Light is another factor proven to affect sleep. If there is too much light in your bedroom, especially artificial light, it can stop the production of melatonin in your brain, the hormone related to sleep. “Light is the enemy of sleep,” says Budhiraja. Cellphones and other mobile devices are blue light sources and major disruptors of sleep. “Smartphones are shown to decrease sleep by up to half an hour.” Budhiraja suggests putting your phone down one to two hours before you go to bed.

Calming your mind completes the treatment trio and is also something we can control, although it may be difficult for some to do. Meditating or deep breathing before going to sleep has been found to decrease anxiety and depression. In fact, studies report meditation is associated with decreased activity in the default mode network or DMN, which is a part of the brain related to mind wandering and thinking about the self.  

Finally, not having a regular sleep routine, i.e., going to bed at the same time each night, can throw off your sleep pattern. Our bodies naturally start increasing melatonin a few hours before our scheduled bedtime. If you keep changing that time, you can affect your body’s natural sleep hormone production.

Medication and Treatments

Holistic

Some popular holistic supplements include melatonin, valerian root, and herbal teas such as chamomile tea. According to Budhiraja, melatonin is likely the most studied sleep supplement. As a sleep hormone produced naturally in the body, it tells the brain when it’s time to fall asleep. The dosage is up for debate—over the counter pills are usually available in 1mg or 3mg or higher doses—starting at a lower dose and increasing the dose if needed is a good idea. Melatonin is considered to be a fairly well-tolerated sleep treatment; however, it is not a cure-all for sleep disorders and may only be effective for certain individuals. It is more likely to be effective in individuals who have delayed sleep phase syndrome- a condition in which people fall asleep late and wake up late. It can be also effective in preventing or treating jet lag.

Other alternative solutions include making the bedroom as dark as possible and/ or the addition of a white noise machine to your sleep routine. It is estimated that nearly 75% of Americans said that a quiet room is important to getting good sleep. Lastly, there is taking your grandmother’s age-old advice: drink a warm cup of milk before going to bed.

Cognitive behavioral therapy for insomnia (CBT-I) is a very effective therapy where a psychologist or another trained professional can help you identify and address your thoughts and behaviors that may be contributing to poor sleep. It even can be delivered through online programs.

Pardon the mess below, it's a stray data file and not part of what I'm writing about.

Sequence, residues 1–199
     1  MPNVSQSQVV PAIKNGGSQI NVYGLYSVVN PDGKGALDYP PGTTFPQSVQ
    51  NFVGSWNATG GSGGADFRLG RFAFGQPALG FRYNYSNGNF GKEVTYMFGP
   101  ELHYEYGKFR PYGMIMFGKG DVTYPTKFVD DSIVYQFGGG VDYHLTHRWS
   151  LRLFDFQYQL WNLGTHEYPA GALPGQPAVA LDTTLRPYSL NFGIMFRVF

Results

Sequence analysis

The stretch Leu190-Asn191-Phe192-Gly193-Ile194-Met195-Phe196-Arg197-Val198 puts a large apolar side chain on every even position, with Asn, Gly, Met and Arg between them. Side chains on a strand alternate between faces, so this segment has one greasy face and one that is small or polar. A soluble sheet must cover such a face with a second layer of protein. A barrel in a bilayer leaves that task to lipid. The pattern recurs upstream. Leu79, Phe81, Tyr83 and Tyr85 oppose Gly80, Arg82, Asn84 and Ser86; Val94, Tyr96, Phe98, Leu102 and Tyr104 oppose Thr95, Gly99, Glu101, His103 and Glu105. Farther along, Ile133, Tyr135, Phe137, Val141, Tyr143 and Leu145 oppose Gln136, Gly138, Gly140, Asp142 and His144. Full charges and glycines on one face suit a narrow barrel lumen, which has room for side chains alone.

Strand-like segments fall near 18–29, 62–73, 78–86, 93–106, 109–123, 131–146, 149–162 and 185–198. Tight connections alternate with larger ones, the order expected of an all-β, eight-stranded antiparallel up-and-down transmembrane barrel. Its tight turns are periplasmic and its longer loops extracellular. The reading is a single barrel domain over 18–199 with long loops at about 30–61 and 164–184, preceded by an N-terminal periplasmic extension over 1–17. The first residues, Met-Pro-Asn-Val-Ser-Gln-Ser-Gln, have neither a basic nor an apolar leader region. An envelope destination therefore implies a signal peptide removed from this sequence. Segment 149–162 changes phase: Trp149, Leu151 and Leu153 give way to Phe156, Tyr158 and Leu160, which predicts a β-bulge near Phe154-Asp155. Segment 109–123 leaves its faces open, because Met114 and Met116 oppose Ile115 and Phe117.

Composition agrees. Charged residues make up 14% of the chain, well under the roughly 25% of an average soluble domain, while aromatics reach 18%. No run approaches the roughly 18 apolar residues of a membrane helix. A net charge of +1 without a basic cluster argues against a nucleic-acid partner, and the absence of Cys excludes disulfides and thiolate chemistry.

Over-The-Counter

Over-the-counter medications include diphenhydramine (Benadryl, Aleve PM, etc.) or doxylamine succinate (Unisom). These sleep aids have side effects including drowsiness and leaving you feeling groggy the next day. Furthermore, the body can quickly develop tolerance to some of these medications.

Prescription Medication

Finally, there are prescription medications. According to Budhiraja, medications should generally be your last resort in seeking help to get better sleep, and if used, should usually be used over short-term. They can cause several side effects- drowsiness, dizziness, diarrhea, grogginess or feeling as if drugged. In addition, after taking some of these medicines, people may get up out of bed while not being fully awake and do an activity that they do not know they are doing- including driving. The next morning, they may not remember that they did anything during the night. “The body can also develop tolerance to these medications, requiring progressively increasing doses or more potent medicines,” he says.

Before Turning Off the Lights

Most of us have faced a sleepless night or two in our lifetimes. We’ve laid awake and listened to a leaky faucet go drip, drip, drip into the wee hours of the night. Worse, we are one of the 70 million people in the United States who suffer from a lack of sleep or who have a sleep disorder.

We’re tired new parents, or college students cramming for an exam, or a software engineer who works 60 hours or more a week, or are getting older and are finding it harder to sleep.

Seventy million: that’s more than a third of the population across the nation.

Scientific studies have proven the health ramifications of sleep deprivation and what it does to our bodies, minds, and everyday lives. It is an epidemic that not only affects us as adults but is also affecting our nation’s kids.

We can take countermeasures to get more and better sleep, steps that have been proven to work by scientific studies. We can give ourselves some TLC to promote better sleep, which can, in turn, restore us to our full capacity. Because really, don’t we just want our best sleep every night, especially in this age of high stress? We want that great sleep where we wake up refreshed and ready to take on the day.

Co-Authors: Scott Smith, Community Editor, and Mayra Paris, Associate Editor


High Point University and the Specialty Sleep Association Reveal Research Findings: